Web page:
June 2020
Volume 61, Issue 7
Open Access
ARVO Annual Meeting Abstract  |   June 2020
Atropine for myopia progression: high dose vs low dose in a real-world setting
Author Affiliations & Notes
  • Jan Roelof (JR) Polling
    Erasmus MC, Rotterdam, Netherlands
    Optometry & Orthoptics, HU University Applied Science, Netherlands
  • Emily Tan
    Erasmus MC, Rotterdam, Netherlands
  • Willem Tideman
    Erasmus MC, Rotterdam, Netherlands
  • Caroline Klaver
    Erasmus MC, Rotterdam, Netherlands
    Ophthalmology, Radboud University Medical Center, Nijmegen, Netherlands
  • Footnotes
    Commercial Relationships   Jan Roelof (JR) Polling, None; Emily Tan, None; Willem Tideman, None; Caroline Klaver, None
  • Footnotes
    Support  NONE
Investigative Ophthalmology & Visual Science June 2020, Vol.61, 1134. doi:
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      Jan Roelof (JR) Polling, Emily Tan, Willem Tideman, Caroline Klaver; Atropine for myopia progression: high dose vs low dose in a real-world setting. Invest. Ophthalmol. Vis. Sci. 2020;61(7):1134.

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      © ARVO (1962-2015); The Authors (2016-present)

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Abstract

Purpose : Many eye care providers prefer low dose atropine (0.01%) over high dose (0.5% or 1%) for myopia control because of the lower risk of side effects. Nevertheless, the effectiveness of this concentration on reduction of axial length progression has not been proven. This study explores the one year effectiveness of high versus low dose atropine on spherical equivalent refraction (SER) and axial length (AL) progression in a myopia control clinic.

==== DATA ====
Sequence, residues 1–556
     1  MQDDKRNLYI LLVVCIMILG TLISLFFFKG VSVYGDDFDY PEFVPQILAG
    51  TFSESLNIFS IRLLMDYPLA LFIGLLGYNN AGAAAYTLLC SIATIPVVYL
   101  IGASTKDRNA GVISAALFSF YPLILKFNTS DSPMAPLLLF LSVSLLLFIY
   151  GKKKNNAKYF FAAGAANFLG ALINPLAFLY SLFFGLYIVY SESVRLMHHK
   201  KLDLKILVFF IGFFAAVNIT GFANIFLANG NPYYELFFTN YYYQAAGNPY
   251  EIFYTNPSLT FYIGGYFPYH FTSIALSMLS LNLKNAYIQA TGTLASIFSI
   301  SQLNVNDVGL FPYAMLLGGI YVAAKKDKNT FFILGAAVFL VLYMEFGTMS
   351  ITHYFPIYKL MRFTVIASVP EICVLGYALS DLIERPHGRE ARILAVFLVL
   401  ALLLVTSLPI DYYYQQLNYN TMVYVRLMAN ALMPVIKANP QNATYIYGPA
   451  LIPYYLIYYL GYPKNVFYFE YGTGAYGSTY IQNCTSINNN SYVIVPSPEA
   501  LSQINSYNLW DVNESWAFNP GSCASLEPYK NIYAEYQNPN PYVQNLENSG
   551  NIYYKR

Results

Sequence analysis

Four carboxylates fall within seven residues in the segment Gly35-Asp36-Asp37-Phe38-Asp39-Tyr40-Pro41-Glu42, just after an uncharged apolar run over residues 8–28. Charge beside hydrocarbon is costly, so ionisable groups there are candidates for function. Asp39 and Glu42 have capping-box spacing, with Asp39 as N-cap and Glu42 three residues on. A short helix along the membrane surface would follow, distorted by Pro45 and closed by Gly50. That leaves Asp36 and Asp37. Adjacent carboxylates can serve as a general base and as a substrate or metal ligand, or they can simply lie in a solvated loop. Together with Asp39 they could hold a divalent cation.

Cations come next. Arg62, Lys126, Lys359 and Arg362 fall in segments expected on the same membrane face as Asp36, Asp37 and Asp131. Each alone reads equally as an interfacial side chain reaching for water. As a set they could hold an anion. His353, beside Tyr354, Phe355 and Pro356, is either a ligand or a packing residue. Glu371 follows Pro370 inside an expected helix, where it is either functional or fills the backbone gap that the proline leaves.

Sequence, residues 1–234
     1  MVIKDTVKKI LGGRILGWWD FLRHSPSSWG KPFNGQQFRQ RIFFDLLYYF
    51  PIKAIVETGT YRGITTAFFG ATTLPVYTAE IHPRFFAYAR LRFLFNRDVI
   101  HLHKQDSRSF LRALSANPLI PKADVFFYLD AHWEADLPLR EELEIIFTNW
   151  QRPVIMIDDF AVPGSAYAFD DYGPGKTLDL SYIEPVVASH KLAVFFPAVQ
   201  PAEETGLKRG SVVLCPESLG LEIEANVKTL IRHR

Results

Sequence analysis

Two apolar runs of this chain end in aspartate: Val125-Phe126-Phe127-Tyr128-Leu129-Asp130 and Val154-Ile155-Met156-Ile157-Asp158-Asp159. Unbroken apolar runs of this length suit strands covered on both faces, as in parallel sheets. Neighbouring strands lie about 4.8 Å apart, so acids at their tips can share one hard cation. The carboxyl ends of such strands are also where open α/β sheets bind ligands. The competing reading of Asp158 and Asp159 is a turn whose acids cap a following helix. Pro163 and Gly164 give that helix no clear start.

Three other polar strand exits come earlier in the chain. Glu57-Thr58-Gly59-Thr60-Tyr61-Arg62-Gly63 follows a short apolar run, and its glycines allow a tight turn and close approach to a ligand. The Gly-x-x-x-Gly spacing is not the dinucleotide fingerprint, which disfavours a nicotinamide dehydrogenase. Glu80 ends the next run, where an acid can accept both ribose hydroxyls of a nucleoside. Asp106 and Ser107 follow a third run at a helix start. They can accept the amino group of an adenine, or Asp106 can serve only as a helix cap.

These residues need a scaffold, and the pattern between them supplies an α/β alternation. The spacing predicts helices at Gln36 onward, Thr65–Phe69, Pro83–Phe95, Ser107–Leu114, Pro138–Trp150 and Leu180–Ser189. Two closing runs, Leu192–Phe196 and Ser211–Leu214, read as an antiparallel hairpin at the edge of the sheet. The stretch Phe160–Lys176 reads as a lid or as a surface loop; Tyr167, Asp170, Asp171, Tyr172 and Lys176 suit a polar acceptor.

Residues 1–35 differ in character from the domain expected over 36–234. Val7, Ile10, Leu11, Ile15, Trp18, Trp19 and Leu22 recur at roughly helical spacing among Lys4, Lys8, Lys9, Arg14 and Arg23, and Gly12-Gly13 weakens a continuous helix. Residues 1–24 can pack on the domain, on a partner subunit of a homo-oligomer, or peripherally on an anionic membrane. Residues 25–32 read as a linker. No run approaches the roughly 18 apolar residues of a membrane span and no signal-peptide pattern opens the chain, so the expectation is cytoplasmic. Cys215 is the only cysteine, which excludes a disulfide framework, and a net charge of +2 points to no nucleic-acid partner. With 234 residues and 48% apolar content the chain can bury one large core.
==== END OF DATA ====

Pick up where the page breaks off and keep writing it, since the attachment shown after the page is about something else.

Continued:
Methods : Study participants were derived from the Erasmus MC Myopia Control Clinic, and consisted of children aged 6-13 years with bilateral progressive myopia and a SER of -0.5D to -6.0 using 0.5% or 0.01% atropine for myopia control at baseline. Children with syndromic myopia were excluded. SER and AL were measured at 6 months and 1 year, and progression was calculated. Baseline and progression of SER and AL were compared between treatment regimens with the Mann-Whitney U test.

Results : At baseline, 128 children (mean age 9.2±1.7) with 0.5% and 37 children (mean age 10.0±1.9) with 0.01% atropine started treatment. (p=0.51) Ethnicity was predominately white (68%) and only 9% of the study population was from East Asian descent. Median SER was -4.19D (IQR 1.7) for atropine 0.5% and -3.75D (IQR 2.7) for atropine 0.01% (p=0.04); median AL’s were 24.66 (IQR 1.13) and 24.59mm (IQR 0.73), respectively (p=0.14). At 6 months, 9/128 children (7%) who were on atropine 0.5%, and 2/37 children (5%) who were on atropine 0.01% stopped therapy. At one year, another 2 children had stopped therapy in the 0.5% group.(p= 0.53) At 6 months, median SER and AL progression was +0.19D and 0.00mm, respectively, for atropine 0.5% , and -0.03D and 0.15mm for 0.01%. (p<0.001; p<0.001) At 12 months, median SER and AL progression was +0.12D and 0.07mm, respectively, for atropine 0.5%; -0.25D and 0.19mm for 0.01%. (p=0.01; p=0.05)

Conclusions : One year progression of SER and AL was more in favor of high dose atropine (0.5%) than low dose (0.01%). Dropout rates were somewhat higher at high dose, but the vast majority managed to adhere to this therapy. High dose atropine should have a place in myopia control when strict control is needed to lower the risk of progression to high myopia.

This is a 2020 ARVO Annual Meeting abstract.

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